Kozel talks health care with Chamber

By Dave Ryan
Dorchester Banner
CAMBRIDGE — “What we at Shore Health are doing, is trying to stay steps ahead of the process,” Ken Kozel said Sept. 12. Speaking at a lunch meeting of the Dorchester Chamber of Commerce, Mr. Kozel was referring to the changing nature of health care on the local scene and at the federal level.
As president and CEO of University of Maryland Eastern Shore Regional Health, Mr. Kozel is leading the effort to build a medical campus on U.S. 50 in Cambridge, to replace the aged University of Maryland Shore Medical Center at Dorchester, formerly known as Dorchester General Hospital.

Dorchester Banner/Dave Ryan
President and CEO of University of Maryland Eastern Shore Regional Health Ken Kozel gave a presentation Sept. 12 to members of the Dorchester Chamber of Commerce. Mr. Kozel brought the local business leaders up to date on the latest discussions regarding health care in the area.

“The University of Maryland Medical System (also known as UMMS) is a private, not-for-profit corporation founded in 1994 and based in Baltimore,” the group’s Wikipedia page said. “It owns and operates 11 hospitals (as of 2012) in Maryland and has more than 1,700 licensed beds, 83,000 annual admissions and gross patient revenues of $2 billion annually.”
“Cambridge [hospital] has been around a long time,” Mr. Kozel told the group. That might provide for local tradition, but the plumbing, electrical system and more are expensive to keep running.
“It costs us a tremendous amount to keep the lights on,” Mr. Kozel said. “We’re spending millions and millions of dollars a year to keep maintaining our hospitals in Cambridge, Easton and Chestertown.”
Shore Health’s objective is to relocate services to what is being called a “free-standing medical facility,” (FMF) at the site now under construction in the center of town along the highway. Plans call for the original shopping center to be replaced with a more modern layout, to include the stores of Cambridge Marketplace, and the medical campus.
The facility would include not only the FMF, but also a medical pavilion which could feature diagnostic services such as CT and MRI scans, and pharmacy support. Ambulatory surgery could be performed in the pavilion as well.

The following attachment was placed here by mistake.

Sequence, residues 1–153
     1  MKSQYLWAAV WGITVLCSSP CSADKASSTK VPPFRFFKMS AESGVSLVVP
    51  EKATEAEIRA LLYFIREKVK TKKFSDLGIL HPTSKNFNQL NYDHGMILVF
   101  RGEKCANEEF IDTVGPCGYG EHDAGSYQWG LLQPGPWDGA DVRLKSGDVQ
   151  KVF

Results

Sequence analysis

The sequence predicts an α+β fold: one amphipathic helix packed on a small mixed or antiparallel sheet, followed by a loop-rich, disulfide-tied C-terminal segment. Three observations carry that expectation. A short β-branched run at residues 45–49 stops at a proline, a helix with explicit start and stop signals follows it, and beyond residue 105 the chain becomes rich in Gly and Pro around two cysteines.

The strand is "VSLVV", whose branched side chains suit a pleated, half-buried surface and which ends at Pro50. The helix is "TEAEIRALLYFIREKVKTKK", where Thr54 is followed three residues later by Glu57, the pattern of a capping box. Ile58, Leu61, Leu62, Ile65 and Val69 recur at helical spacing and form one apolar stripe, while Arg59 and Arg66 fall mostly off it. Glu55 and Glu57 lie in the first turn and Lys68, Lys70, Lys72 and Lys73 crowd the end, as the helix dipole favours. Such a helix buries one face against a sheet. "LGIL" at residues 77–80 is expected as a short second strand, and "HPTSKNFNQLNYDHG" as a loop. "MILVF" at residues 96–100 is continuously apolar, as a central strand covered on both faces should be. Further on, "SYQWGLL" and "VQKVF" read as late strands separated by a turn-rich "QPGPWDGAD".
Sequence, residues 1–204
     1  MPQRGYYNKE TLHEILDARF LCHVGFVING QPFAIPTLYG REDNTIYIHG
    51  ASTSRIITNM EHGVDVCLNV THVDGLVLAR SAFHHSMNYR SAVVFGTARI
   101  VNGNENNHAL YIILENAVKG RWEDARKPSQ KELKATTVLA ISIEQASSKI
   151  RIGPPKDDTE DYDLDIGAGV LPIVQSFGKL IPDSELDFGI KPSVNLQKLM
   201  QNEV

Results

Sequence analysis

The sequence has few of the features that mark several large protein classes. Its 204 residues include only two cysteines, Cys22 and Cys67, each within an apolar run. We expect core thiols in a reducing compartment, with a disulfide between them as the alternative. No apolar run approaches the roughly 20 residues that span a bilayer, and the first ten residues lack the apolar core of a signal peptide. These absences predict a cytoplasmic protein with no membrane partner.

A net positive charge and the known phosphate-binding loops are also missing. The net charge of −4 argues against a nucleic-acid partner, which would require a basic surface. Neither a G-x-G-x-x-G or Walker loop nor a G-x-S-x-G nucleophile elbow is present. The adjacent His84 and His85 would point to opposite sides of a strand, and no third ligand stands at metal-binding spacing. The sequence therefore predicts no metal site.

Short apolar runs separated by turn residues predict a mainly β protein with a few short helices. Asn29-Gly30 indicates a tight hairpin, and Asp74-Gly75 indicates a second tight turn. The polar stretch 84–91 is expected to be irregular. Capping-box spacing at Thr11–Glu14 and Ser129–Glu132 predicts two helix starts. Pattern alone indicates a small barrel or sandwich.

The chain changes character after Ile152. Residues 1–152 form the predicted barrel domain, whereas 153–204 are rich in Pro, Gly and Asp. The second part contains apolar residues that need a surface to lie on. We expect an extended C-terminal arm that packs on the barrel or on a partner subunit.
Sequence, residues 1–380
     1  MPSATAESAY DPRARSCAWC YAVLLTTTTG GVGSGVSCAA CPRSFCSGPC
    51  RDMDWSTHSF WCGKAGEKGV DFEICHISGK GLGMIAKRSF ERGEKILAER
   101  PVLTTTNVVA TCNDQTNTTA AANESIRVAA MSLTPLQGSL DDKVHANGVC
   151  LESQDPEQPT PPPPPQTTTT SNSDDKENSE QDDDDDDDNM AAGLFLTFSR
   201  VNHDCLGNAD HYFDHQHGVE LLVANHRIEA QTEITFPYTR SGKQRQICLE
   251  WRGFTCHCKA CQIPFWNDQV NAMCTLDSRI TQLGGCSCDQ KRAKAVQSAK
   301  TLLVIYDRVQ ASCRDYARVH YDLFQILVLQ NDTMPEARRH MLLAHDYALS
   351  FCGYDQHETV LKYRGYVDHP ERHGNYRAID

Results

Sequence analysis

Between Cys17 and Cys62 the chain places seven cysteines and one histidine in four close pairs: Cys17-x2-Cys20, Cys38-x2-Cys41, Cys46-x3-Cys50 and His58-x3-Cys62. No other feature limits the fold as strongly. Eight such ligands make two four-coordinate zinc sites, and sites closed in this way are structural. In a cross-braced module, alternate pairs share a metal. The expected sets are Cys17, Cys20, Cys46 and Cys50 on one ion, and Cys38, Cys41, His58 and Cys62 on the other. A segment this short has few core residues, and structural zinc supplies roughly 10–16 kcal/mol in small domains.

Mr. Kozel told the group that Shore Health’s plans are still under discussion and nothing has been finalized.
He said the FMF would be 95 percent of what is in Cambridge today, except for beds, which would go to Easton. Why not have beds in Cambridge? The current hospital has an average of only 22 in-patients, he said.
“That’s a challenge,” Mr. Kozel said. “We need to centralize those beds.”
In the meantime, Cambridge’s current hospital treats an average of 20,000 patients annually in its emergency room. So the FMF would be an emergency center, with a few observation beds to help doctors decide if a patient needed to be sent to Easton to be admitted.
Mr. Kozel acknowledged local requests that services be brought back to the city, to save patients from having to travel to see specialists. “Our goal is to bring them back as quickly as possible,” he said.
Outpatient services and specialists are likely to include cardiology, diabetes/endocrinology, gastroenterology, gynecology, obstetrics, orthopedics and pediatrics, as well as others.
In the meantime, it looks like a great deal of money will be spent in a business with very slim margins. “We are budgeting $0, break-even this year,” Mr. Kozel said.
The new campus would cost about $75 million – money that has not yet been raised – but even that is a much lower cost than a new, full-fledged hospital. “To spend $300 million on a new facility for a daily census of about 20, isn’t prudent,” Mr. Kozel said.
Construction on the FMF could be begin in 2020.
“My goal is to do that sooner,” Mr. Kozel said. “We have to start getting this in motion, because you never know what is going to happen.”

Dave Ryan is editor of the Dorchester Banner. He can be reached at dryan@newszap.com.

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